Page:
When you place an order with Amazon, you may not see a charge on your card right away. This has certainly caused confusion among the company’s customers, but Amazon has given a clear-cut reason why they don’t always charge right away.
Whether or not Amazon takes money right away depends on what items you order. If they are being shipped via Amazon, the company will not charge your card until the item has shipped. If your order is being sent from a third-party retailer, you may be charged immediately.
If you want to learn a little more about when Amazon does take payment, why they don’t always charge right away, and when they will charge your card, everything you need to know is right here!
When Amazon takes your payment is dependent on several factors. It’s important to note that Amazon has already saved your card information, so realistically, they can charge whenever they need to.
Amazon takes payment either when the item has been purchased or when the item is actually shipped. Usually, when you order an item from Amazon’s hundreds of warehouses, the payment will be taken when the item is shipped, but if you purchased an item from a third-party seller, the payment is taken right away.
Keep reading to learn when Amazon charges for pre-orders.
Why Doesn’t Amazon Charge Right Away?
After placing an order with Amazon, the company does not always charge your card right away. Although it can be confusing, and you may wonder if the order has actually been made, Amazon has reported that there is a very simple answer to why they don’t charge right away.
Amazon does not charge right away when you have purchased items from their warehouses so that they can first ensure they have the product you are looking for.
Remember, Amazon has your card information on file, so they do not need to worry that you won’t pay for the items once they are shipped. Therefore, in order to promote customer satisfaction and efficiency, they first check to see if the items are ready to be shipped before taking payment.
Although Amazon claims that they do what they do for the consumer, the truth is that in many states, it is actually illegal to charge before shipping, which is really why Amazon often doesn’t charge before shipping.
This law was made to ensure fraudulent companies do not charge the customer and then never actually ship their items. Amazon, of course, is one of the most reputable online retailers on earth, and although most people don’t worry that Amazon is going to steal from them, they still have to follow the rules like everyone else.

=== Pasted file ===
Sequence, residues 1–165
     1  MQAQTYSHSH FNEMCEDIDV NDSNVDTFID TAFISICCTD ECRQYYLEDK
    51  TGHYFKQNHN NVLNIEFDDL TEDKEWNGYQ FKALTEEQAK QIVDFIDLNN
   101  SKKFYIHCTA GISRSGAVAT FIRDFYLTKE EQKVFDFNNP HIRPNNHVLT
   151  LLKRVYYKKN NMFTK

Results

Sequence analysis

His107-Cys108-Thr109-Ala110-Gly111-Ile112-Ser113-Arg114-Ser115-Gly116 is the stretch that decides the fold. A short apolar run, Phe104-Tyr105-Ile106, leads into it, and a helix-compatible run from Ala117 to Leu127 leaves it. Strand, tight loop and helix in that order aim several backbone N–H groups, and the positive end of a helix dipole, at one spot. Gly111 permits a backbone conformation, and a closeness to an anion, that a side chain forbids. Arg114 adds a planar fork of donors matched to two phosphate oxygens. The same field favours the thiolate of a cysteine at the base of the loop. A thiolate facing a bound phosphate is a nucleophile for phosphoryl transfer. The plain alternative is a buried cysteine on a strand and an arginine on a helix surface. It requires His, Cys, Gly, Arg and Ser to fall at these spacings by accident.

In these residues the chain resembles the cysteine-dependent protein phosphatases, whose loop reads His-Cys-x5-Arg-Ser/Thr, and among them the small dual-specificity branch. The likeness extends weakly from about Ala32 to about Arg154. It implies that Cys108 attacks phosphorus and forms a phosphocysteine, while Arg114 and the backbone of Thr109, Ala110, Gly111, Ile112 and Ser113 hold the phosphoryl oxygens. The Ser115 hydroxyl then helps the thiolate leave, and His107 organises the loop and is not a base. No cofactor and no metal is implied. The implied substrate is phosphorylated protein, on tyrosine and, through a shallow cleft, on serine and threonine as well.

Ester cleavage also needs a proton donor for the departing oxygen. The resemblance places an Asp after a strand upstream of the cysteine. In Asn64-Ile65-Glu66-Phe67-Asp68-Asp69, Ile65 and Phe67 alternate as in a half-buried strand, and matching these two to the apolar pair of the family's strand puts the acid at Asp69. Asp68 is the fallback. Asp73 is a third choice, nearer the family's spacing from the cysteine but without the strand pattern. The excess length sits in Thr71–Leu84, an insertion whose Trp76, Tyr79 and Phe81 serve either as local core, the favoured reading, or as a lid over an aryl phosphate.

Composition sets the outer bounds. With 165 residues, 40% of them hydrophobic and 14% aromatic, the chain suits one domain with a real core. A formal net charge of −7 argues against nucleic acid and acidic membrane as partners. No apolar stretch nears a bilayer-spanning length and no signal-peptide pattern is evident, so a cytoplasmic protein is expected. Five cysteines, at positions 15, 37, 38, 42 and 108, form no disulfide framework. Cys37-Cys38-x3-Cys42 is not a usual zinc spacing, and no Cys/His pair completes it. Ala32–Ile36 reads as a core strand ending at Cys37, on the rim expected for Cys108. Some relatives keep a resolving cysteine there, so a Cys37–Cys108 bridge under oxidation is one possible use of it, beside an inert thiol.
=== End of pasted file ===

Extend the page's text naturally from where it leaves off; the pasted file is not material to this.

While you can use a variety of payment options on Amazon, a credit card is one of the most popular. It’s vital to understand that when Amazon charges, your card does not depend on the type of payment option, i.e., debit, credit, or even gift card.
The answer to “when” Amazon will charge your card is completely dependent on the seller and the timing of the shipment.
Once again, there is no specific time frame for changing a debit card versus another form of payment.
When your card is charged will depend on whether you are purchasing an item from Amazon (who will wait until shipping to charge) or from a third-party seller (who will usually charge your debit card right away.)
Amazon Fresh is a new grocery store offering from Amazon that allows you to purchase your food and home essentials either in-store or online.
You can use the app to order what you need and either pick it up in a nearby store or have it delivered within two hours.
Amazon Fresh charges happen right away because there are no extended shipping times. Your packages will be available for pick up or delivery right away.
If you have selected an item for purchase on Amazon that is out of stock, you essentially have two options.
- You can select to order the item anyway. In this case, you will be charged when the item is back in stock and has shipped.
- You can cancel your order. If the item has already been charged to your card because it was sold by a third-party seller, you will receive a refund. If Amazon had not yet charged your account as they were waiting for shipment to initiate, you would not be charged.
Essentially, Amazon will only charge you for a product that is out of stock if you choose to wait for the delivery until it is in stock.
Amazon typically charges your account when the items you purchased have actually shipped, which is why you sometimes don’t see the charge right away. If you have ordered items through a third-party seller, you will probably be charged right away.